Monday, September 28, 2020

Read Your Heart Out

Liberace: Your Personal Fashion Consultant

Liberace: Your Personal Fashion Consultant

It won’t come as earth-shattering news, from one who spends most of her nights and days editing, teaching writing, and facilitating book groups, that I like to read. Since my time is a little more limited these days, I’m going to become a little more particular about what I read. People often ask me how I choose a book, and I’m sure they think I am not being truthful when I babble on and tell them nothing. The answer is, I really don’t know, and it’s different every time.

Just last week I received a list of books from The Weird Book Room that piqued my imagination. I’d better warn you: I my have to do a sequel on this (by popular demand) because once you get a taste you’re going to want the entire meal.

The first book is Liberace: Your Personal Fashion Consultant, by Michael & Karan Feder. It entices the reader, never to underestimate a man in hot pants as the famous pianist “swings his closet door open in order to coach you on the fine art of extraordinary dressing for ordinary occasions!” How can

 

 

you say no? A further resist-me-not is the thrilling opportunity of being able to punch out the photos and have 12 paper dolls in “hilarious poses” to play with. Be still my heart. Quickly — on to the next book.

Nicholas von Hoffman’s We are the people our parents warned us against, also subtitled An Alien’s Who’s Who, irritates me no end, finishing the phrase with the preposition “against”. What a poor role model. I’m totally turned off about reading the real truth about the Haight-Asbury district in the 60s. Maybe the book wasn’t for me anyway. My parents never had to warn me about people who looked like this: they scared me stiff.

Well, well, look here: a book by Bill Manville, about The Man Who Left His Wife And Had A Nifty Time. What kind of time did she have while he was gone? “Nifty” is so outdated that I’ll bet he was too. If the wife was boring, she may have only had a ‘swell’ time, but if she was one cool chick, she probably had a blast and didn’t give a mouse’s whisker about

 

 

her miserable, unfaithful spouse’s “nifty time”. She just sat down and ordered the next book: Anybody Can Be Cool … But Awesome Takes Practice by Lorraine Peterson. I know Lorraine must come from the United Kingdom, because she spells the word “practice” correctly – as a noun. I also know she must be at least over 40, because who else would use “awesome” unless she were trying to make a bad joke?

That brings up the next book: A Cow is Too Much Trouble in Los Angeles, by Joseph Foster. You would think that Foster’s editor would have forced him to change the title. Why would you want to read something so obvious!

Here’s one I actually read some time ago: Salvation on Sand Mountain by Dennis Covington. I confess — this book actually made me change — my direction. I was driving through this area of Alabama and took a detour, looking for one of the churches where poisonous snake-handling, faith healing, and
speaking in tongues are testaments to one’s Christianity. I think I saw one of the churches, perched up on a hill, and that was enough for me.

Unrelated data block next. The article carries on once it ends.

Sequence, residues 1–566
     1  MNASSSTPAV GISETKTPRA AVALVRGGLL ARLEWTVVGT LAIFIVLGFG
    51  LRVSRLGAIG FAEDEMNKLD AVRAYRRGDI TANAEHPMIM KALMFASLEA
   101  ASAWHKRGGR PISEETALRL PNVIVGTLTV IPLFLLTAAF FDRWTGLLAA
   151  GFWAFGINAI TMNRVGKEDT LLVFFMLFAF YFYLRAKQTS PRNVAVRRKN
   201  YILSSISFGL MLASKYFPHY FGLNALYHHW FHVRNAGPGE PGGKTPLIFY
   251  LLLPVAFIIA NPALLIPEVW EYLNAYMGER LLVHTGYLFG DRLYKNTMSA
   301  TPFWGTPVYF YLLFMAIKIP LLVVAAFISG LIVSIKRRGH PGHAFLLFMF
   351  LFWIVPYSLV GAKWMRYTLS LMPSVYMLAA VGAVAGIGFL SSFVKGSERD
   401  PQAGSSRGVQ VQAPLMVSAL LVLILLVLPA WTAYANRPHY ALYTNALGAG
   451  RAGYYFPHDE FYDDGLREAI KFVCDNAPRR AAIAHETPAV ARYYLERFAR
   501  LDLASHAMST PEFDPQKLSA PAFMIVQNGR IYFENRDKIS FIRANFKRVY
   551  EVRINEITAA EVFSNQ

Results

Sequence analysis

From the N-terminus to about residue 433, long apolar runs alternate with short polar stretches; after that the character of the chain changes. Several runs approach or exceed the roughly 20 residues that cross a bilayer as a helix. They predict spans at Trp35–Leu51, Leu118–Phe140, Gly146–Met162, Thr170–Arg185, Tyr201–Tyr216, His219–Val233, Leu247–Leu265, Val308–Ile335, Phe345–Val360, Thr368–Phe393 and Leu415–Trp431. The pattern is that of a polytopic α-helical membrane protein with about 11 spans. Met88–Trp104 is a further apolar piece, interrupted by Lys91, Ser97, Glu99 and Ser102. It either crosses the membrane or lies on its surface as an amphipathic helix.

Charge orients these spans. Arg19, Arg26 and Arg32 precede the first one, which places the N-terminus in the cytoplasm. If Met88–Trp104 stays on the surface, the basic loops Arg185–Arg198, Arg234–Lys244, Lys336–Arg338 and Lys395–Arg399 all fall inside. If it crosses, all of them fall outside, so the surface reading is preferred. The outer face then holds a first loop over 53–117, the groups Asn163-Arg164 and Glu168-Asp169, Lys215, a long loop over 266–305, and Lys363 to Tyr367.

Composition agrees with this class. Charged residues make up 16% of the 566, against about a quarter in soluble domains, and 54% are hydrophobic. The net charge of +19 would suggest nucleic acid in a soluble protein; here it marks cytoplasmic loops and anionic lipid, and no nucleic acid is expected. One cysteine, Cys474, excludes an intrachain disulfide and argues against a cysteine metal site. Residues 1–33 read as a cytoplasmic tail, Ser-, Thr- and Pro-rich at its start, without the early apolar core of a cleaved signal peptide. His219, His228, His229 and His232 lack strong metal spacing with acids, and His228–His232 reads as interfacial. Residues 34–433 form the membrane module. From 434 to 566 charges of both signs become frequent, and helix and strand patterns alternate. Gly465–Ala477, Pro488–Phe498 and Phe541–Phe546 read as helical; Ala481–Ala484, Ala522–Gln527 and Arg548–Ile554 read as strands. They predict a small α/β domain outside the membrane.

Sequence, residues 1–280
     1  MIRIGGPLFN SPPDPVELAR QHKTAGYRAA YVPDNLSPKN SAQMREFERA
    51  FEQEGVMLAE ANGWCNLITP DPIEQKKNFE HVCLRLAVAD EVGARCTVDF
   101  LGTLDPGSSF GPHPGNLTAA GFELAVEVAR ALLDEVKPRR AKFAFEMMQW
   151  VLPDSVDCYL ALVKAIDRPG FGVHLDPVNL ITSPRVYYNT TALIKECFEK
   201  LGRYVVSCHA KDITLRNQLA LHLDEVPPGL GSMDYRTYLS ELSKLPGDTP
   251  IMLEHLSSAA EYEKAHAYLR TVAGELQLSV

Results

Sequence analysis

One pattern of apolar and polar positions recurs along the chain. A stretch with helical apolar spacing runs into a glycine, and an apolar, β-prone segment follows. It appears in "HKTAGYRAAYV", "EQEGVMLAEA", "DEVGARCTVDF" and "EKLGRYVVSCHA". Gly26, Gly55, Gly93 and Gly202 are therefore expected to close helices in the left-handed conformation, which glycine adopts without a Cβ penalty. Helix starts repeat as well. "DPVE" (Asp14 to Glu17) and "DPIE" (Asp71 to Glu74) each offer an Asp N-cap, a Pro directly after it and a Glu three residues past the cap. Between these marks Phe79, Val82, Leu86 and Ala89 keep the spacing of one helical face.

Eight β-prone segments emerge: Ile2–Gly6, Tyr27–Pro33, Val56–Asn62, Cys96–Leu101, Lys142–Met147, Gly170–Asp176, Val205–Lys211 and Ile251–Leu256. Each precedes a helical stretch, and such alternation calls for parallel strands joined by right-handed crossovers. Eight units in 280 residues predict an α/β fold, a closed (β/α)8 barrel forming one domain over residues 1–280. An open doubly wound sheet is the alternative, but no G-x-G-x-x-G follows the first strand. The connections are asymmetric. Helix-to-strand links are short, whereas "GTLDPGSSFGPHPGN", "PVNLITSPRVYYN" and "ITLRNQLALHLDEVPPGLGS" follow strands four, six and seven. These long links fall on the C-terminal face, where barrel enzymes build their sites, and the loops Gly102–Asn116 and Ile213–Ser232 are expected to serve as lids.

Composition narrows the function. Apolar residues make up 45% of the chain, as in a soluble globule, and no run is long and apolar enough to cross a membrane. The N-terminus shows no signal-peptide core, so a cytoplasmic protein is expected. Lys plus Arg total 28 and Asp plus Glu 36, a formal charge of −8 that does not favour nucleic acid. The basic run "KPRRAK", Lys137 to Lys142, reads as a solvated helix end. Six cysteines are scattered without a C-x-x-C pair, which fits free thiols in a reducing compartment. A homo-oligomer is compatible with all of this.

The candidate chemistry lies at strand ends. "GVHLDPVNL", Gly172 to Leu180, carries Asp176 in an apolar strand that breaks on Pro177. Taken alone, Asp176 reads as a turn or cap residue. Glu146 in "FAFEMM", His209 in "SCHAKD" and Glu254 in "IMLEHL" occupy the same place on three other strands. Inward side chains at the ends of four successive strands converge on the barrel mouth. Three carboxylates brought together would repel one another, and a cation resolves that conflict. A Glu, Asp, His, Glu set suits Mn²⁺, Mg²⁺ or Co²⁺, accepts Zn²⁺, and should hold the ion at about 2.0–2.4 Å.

[/caption] height=”211″ />I think Sarah-Kate Lynch’s Blessed Are The Cheesemakers has nothing to do with Wisconsin. Unfortunately I don’t eat dairy products, but if someone wants to bless pizza ingredients I won’t object. I just find it rather indigestible to contemplate a whole book about them. It looks like a mis-shelved novel that ought to be in the Cooking section.

Death in the Pot sounds pretty grim, and not just because it deals with dying. It’s about the impact of food poisoning on history. If you have ever had food poisoning, any way you slice it, it’s not pretty. It’s a revolting finale to an evening of egg salad sandwiches and guaranteed to restrict your eating of eggs for at least the next 20 years.

I haven’t a clue about the topic of The Deer-smellers of Haunted Mountain. I can only imagine. I don’t think I’ll be reserving that one at the library.

I never was a very good bowler, but it was a good way to meet people and socialize. Bowl Better Using Self-Hypnosis sounds like a plan. However, in a hypnotic state you wouldn’t be able to impress your new friends.

 [/caption] width=”137″ height=”211″ />Linda Wright’s Toilet Paper Origami, once mastered, carries a sure-fire guarantee to both entertain and intrigue your guests, especially those who love to squeeze the Charmin’. It will certainly give you something creative to do in those idle moments of contemplation.

Another situation that can give you pause, is to question your dog’s sexuality. It took three authors, Charles Kreloff, Patty Brown, Victoria Roberts to come up with this weirdo winner: Is Your Dog Gay? (and why would you care, unless of course, your cat is too and then you have a real problem on your hands).

If you remember what they are, then The Great Pantyhose Crafts Book by Edward A. and Stevie Baldwin is for you. I tend to use them for tying orchids to the trees, but I’m not sure that would be considered a craft.

Finally, two useful books: Gary Leon Hill’s People Who Don’t Know They’re Dead and Do-It-Yourself Coffins: for Pets and People by Dale Power. I hope Hill’s book gives some exact criteria so those poor souls can finally lie down and get it over with. Until they do, they can keep busy, designing their own going-away vehicle.

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